Skip to main content

CBR6 #9: Paradise Denied by John L. French

I am going to admit up front that the only reason I decided to read this is that it was available on Kindle for free. I was on the train and out of reading material, and this didn't look entirely terrible. Also: FREE.

I got lucky this time.

Normally, I don't like short stories. Often the medium leaves me frustrated and unfulfilled. The stories end before I'm ready to leave them, or they simply don't capture my attention because they're working too hard to cram in too much. However, this collection of paranormal short stories by former Baltimore CSI John French was about fifty times better than I expected it to be. The stories were all well-written and interesting, and several were also very funny.

French's background in crime scene investigation was often evident in his stories of police or detectives faced with the supernatural, including one in which a confidential informant dies, is resurrected in order to give his testimony...and then manages to escape from the morgue to wander the streets. There's stories of vampires, faeries, and zombies mixed in with tales of detectives trying to solve their cases. When the world's dead rise, what are their legal rights, and who can they turn to to solve their murders? Who is peddling dangerous magical drugs on the streets, and what's their motive? How far should a detective go to unmask a local super-hero, when the motive is pure politics?

The characters in each story were distinctive and interesting, and while each story was satisfying in itself, I definitely would have been happy to follow any of the main characters along into other pieces.

On the whole, this was a fantastic book for a paranormal fan who also has a functional brain.

Comments

Natethegreek said…
Kindle is pretty great...

Popular posts from this blog

CR3 # 17: Mount Misery by Samuel Shem

Mount Misery is the sequel to Samuel Shem's first book, House of God (review here). It follows Dr. Roy Basch as he leaves the House of God and moves to psychiatric hospital Mount Misery to begin his psychiatric residency. Unfortunately, it turns out that psychiatrists are just as crazy, confused, and often detrimental as medical doctors. As Dr. Basch cycles through the various sectors of the hospital (talk therapy, admissions, Freudian Analysis, drug therapy) he is horrified to discover that it seems everything he is being taught is not only wrong, but potentially dangerous. He begins to fall into terrible patterns of behavior, mirroring the problems his patients are having. Each area is worse than the last, with one doctor who thinks the best way to treat is to be aggressively hostile, one who cares only about insurance premiums and efficiency, one who treats with silence and "regression," and one who thinks the only viable treatment is to pump every patient full of exp…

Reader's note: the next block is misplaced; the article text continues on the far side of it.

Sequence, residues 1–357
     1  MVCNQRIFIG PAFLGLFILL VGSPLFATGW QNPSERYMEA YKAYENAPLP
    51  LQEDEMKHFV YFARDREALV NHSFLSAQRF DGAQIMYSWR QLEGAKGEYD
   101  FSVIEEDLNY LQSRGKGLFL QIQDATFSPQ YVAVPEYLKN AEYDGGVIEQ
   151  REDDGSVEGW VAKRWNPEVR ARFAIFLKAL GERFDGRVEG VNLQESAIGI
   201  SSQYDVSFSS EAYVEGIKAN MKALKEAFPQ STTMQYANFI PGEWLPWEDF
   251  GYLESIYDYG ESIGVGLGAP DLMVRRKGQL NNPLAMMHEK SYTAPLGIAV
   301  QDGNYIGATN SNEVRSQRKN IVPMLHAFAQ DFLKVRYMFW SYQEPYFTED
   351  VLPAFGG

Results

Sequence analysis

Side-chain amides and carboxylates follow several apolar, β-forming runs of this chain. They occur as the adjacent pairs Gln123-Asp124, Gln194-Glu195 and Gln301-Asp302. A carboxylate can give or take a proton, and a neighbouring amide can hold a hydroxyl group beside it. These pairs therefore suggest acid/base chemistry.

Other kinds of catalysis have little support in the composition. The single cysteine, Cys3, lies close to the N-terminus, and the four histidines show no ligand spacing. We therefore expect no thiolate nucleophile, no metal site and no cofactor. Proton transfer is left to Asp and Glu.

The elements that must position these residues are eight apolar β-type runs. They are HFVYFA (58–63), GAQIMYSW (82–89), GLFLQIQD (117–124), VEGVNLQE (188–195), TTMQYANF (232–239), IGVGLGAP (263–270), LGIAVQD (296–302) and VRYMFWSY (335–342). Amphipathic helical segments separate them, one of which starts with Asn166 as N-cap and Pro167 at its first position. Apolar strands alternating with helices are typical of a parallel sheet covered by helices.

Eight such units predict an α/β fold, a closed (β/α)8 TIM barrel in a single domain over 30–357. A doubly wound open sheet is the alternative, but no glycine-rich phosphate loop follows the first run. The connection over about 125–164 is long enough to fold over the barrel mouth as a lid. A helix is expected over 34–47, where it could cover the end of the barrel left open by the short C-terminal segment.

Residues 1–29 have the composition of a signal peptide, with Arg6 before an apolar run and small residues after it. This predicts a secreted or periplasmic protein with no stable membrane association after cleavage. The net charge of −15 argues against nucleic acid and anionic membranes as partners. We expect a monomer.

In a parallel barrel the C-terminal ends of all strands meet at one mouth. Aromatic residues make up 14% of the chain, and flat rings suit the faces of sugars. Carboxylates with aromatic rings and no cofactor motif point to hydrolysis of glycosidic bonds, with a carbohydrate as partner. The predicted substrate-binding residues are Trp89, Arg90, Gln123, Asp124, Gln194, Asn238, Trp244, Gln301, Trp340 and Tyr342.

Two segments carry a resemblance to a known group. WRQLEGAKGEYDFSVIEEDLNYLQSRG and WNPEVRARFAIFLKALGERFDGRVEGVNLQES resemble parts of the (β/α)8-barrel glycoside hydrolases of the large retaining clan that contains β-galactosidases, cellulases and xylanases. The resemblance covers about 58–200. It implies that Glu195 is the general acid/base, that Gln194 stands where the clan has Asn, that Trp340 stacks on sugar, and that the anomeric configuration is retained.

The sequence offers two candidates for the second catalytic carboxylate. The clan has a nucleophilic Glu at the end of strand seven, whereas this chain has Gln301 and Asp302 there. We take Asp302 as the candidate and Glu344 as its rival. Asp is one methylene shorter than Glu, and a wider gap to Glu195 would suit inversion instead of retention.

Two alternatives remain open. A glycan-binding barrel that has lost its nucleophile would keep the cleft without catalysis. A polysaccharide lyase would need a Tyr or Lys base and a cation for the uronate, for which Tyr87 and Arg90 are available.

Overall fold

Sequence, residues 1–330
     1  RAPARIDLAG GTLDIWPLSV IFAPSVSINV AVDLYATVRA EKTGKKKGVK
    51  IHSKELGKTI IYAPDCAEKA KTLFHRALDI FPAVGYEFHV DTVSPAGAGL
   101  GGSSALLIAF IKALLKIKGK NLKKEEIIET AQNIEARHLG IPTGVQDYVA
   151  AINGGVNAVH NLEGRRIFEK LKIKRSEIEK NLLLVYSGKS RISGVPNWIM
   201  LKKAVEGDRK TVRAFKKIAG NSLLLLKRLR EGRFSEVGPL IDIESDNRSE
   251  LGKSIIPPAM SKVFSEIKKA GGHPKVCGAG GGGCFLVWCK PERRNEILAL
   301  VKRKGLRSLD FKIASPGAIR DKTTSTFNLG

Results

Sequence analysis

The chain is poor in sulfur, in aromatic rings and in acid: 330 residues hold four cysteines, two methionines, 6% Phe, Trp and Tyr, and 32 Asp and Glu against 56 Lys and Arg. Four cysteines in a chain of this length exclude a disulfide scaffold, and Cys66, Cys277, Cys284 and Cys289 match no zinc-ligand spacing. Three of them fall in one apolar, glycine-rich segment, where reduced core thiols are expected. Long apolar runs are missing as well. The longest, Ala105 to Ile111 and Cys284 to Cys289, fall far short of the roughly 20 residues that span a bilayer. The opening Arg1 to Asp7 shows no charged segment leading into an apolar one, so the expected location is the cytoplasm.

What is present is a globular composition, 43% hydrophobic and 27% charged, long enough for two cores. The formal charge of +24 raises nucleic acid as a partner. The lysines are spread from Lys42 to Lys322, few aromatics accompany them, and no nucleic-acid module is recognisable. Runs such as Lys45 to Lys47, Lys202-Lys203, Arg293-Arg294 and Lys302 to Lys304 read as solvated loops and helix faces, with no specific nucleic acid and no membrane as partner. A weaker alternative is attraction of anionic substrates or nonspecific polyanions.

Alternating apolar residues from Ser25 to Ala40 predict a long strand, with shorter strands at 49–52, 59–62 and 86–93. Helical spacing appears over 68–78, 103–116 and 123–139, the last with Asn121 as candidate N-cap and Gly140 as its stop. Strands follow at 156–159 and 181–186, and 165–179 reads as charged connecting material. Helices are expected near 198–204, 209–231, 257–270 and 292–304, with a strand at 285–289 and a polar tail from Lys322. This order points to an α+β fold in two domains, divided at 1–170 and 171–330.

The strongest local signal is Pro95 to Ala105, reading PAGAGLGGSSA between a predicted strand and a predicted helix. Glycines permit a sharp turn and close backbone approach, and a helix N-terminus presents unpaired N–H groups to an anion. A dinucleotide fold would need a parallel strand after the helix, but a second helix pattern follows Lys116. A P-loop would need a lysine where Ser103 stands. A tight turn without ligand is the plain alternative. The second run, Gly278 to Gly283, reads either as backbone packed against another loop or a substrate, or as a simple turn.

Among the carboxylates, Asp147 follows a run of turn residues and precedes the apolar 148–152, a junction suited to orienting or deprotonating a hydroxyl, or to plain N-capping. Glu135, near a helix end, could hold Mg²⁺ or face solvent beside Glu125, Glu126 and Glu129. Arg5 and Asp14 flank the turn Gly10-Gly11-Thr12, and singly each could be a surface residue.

CR3 #30: The First Wives Club by Olivia Goldsmith

I saw the movie of The First Wives Club before I read the book. It's a cute chick flick, in which scorned women take comedic revenge on their former spouses. They become better friends and everyone winds up happy in the end. I was somewhat surprised (though not much--the differences between film and literature are often wide) at how different the book was--I am used to changes in plot or small character changes (combining two characters into one, or perhaps changing to a more pleasant ending) but the major change here between novel and movie was the tone.

The story is basically the same; After a close friend's suicide, three middle-aged female friends get together and beginning reviewing their lives. They realize that much like their late friend, they have been screwed over by the men in their lives--the men used them to get to their high social and financial positions, then screwed them over both personally and financially. The three women decide to use their wits and their co…

CBR9 #6: Crystal Flowers: Poems and a Libretto by Florine Stettheimer

I love traveling alone, and one of the things I like to do on my trips is go to museums. I just dig learning things I didn't know, I guess. The problem--when it comes to cities I've visited before--is that I have often already seen the better-known museums. And when it comes to New York City, I've worked my way through MOMA, the Met, the Museum of Natural History, the Guggenheim, and several of the other most well-known institutions. So this last time I visited, I decided to branch out and visit a couple I'd never heard of before.

One of the three museums I visited on my last trip was The Jewish Museum of New York City. Now before you ask, I'm not Jewish. But like I said, I enjoy learning things, and this museum just happened to be near the location of a theater where I was going to be seeing a show in the afternoon.

It was a Friday afternoon in August, and when I arrived, I was informed that due to renovations, only one exhibit would be open. I was disappointed, b…